“Energetic music and some incredibly talented actor-musicians stop this production sinking”
“And we’ll strive to please you every day,” sings Feste in the closing scene of Shakespeare’s gender-swapping comedy of errors, and it’s certainly a maxim adhered to by OVO and director Adam Nichols in this entertaining production of ‘Twelfth Night’. A 1920s nautical setting relocates the play to the ‘SS Illyria’, where washed up music hall stars and famous actresses bump uglies and drink cocktails. Energetic music and some incredibly talented actor-musicians stop this production sinking, but it never quite sails along as smoothly as you would hope.
Viola (Lucy Crick) arrives on board having lost her twin brother Sebastian (Joshua Newman), so she of course dresses up as a man to enter the service of lovelorn Orsino (Will Forester), captain of the ship. Rather than wooing Olivia (Emma Watson – no, not that one) on Orsino’s behalf, Viola, now Cesario, becomes the object of Olivia’s affection, just as Viola realises she’s in love with Orsino. Cue mayhem. Alongside the main plot, the antics of Sir Toby Belch (Anna Franklin) play out in admirably foolish fashion.
Personally, I could watch ‘Twelfth Night’ all day long. It’s a cracking comedy that becomes richer for every watch. Director Nichols has vamped up the fun factor, replacing the original tunes for 1920s-style remixes of pop classics. Music is obviously key here, with each actor dexterously picking up different instruments throughout the night, and there are a couple of amazing singers in this cast, most notably Hannah Francis-Baker. However, the comedy value of hearing characters like Viola singing the likes of ‘Oops I Did It Again’ grows old quickly, and the singers need to own their songs more to convince us they are worth hearing.
The ship-based setting is also confused and underused. Forcing all these characters into a small, confined space could lead to some amusing quick-paced comedy capering, but in the end it just distracts from the storytelling. Decent cuts and some nice wiggling around of scenes keeps things short and snappy, but I did miss Antonio and Sebastian’s presence, and a cruel twist on the ending leaves Malvolia (Faith Turner) singing ‘Creep’ looking very forlorn in her yellow stockings.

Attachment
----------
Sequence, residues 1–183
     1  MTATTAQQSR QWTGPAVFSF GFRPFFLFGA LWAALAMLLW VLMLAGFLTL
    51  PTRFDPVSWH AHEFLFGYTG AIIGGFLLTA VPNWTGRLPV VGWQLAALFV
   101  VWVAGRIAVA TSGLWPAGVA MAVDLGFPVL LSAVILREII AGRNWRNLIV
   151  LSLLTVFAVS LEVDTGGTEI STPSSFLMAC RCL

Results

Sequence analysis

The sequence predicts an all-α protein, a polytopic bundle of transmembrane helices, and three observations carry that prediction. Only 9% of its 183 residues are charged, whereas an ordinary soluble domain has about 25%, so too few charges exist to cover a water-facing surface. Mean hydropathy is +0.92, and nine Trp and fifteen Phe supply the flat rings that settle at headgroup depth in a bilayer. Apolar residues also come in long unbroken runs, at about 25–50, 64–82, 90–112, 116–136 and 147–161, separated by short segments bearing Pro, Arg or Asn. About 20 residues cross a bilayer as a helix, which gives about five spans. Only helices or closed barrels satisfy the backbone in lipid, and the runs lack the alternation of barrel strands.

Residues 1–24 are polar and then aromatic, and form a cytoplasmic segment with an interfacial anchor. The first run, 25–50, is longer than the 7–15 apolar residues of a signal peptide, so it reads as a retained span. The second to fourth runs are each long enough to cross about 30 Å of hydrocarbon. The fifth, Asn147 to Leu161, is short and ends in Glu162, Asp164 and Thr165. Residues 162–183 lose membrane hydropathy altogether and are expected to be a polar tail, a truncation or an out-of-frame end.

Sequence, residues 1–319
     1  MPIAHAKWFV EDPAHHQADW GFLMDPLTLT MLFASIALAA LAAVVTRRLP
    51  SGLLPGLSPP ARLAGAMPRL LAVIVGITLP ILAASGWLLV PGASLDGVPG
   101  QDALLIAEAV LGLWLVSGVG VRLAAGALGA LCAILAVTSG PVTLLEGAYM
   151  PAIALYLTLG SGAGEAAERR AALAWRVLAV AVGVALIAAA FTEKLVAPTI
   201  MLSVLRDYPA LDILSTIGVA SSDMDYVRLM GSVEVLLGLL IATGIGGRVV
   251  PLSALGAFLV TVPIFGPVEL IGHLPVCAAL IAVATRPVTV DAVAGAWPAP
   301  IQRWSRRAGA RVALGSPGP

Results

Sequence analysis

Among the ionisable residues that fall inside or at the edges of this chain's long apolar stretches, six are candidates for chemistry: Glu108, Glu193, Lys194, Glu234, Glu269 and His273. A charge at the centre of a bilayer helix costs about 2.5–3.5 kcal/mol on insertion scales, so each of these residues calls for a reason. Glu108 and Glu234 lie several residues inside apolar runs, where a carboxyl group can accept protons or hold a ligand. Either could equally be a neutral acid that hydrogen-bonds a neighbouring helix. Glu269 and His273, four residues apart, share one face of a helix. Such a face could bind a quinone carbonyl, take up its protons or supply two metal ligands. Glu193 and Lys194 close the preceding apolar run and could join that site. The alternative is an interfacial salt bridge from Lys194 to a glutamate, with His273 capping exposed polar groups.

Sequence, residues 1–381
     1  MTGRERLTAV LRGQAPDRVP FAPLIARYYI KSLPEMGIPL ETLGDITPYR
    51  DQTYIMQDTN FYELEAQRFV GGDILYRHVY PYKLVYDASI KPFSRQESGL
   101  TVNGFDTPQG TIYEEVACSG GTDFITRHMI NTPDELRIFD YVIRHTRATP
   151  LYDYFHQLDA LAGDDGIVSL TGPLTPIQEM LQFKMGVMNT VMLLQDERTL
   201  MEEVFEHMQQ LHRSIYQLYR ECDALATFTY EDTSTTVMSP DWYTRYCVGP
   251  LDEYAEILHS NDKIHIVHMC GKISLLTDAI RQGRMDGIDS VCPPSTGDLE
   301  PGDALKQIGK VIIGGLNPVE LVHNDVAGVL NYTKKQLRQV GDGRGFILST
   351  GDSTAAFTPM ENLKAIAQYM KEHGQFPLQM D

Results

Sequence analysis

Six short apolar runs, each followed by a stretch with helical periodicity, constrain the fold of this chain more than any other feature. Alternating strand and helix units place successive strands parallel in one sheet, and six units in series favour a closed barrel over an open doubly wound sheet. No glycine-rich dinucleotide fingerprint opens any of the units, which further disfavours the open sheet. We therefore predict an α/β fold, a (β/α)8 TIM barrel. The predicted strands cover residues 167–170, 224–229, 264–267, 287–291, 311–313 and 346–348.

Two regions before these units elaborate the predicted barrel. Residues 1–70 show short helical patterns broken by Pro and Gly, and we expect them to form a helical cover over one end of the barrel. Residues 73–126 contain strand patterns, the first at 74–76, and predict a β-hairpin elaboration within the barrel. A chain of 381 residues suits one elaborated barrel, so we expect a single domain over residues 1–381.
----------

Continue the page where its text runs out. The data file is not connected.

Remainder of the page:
Taken altogether, this is a fun and frothy take on Shakespeare’s comedy that certainly entertained this audience. Some unsteady songs and shaky acting almost take this production of course, but it picks up a pace and energy halfway through that means it makes it to dock safe and sound.
“the Ed Miliband of Shakespeare: reliable, dependable, with the right words in the correct order but lacking that sense of purpose or timeliness”
I understand why people want to put on Shakespeare. It’s deep, people want to watch it, and it’s royalty free. What more could you want? But Shakespeare isn’t impressive like surgery is, it’s impressive like running a marathon is. Now, everyone has seen a marathon and if you want to make a statement you either need to do it exceptionally well, or you need to dress up as a Rhino and deliver your message.
And if putting on a Shakespeare isn’t like running a marathon, then it’s really like trying to be prime minister or a member of parliament. I want to know ‘why you?’ What does the version of Lear say different from the last? What extra insight do you have into our contemporary world? What do you believe in? This production of King Lear was the Ed Miliband of Shakespeare: reliable, dependable, with the right words in the correct order but lacking that sense of purpose or timeliness.
James Eley’s production at the impressive Jack Studio Theatre isn’t bad by any stretch of the imagination. The cuts to the script are sensible; the performances are credible, and the production tells the story. But this is all cone and no ice cream. It leaves an audience member wanting more and with their attention free to focus on minor defects of pace and accent. You will be sure you saw King Lear but not sure why.
Themes were suggested and hinted but never committed to. In the beginning, the play seemed to be set in a series of pubs with Lear and his daughters as landlords, and club owners waging a turf war. But then the ‘fool’ was more Commedia dell’arte, the fighting Tarantino and the soundtrack part classical and part brit pop. Edmund became Ada with lesbian relations, but nothing came of it. All good ideas but the question ‘why’ just swirls and swirls.
Lear isn’t a simple production, and between disguises and actors playing many parts, it’s easy to get lost. Our players did a reasonable job of telling the story and keeping it clear, although occasionally we got lost with some scenes delivered like the actors quickly needed to get to the end. The experience of Christopher Poke (Glouster) and Alan Booty (Lear) did shine as they slowed down and gave some timing to the scenes.
Ultimately this is not a bad show. Lear is long and challenging and complex and just getting through it is often enough as the text does so much. If you like Shakespeare then this is worth a shake. But if you’ve read King Lear, you know the rough story, and you’re looking for more then you might be disappointed. In the end, just like a politician, I would prefer a flawed play with something to say, rather than a polished production saying everything all at once.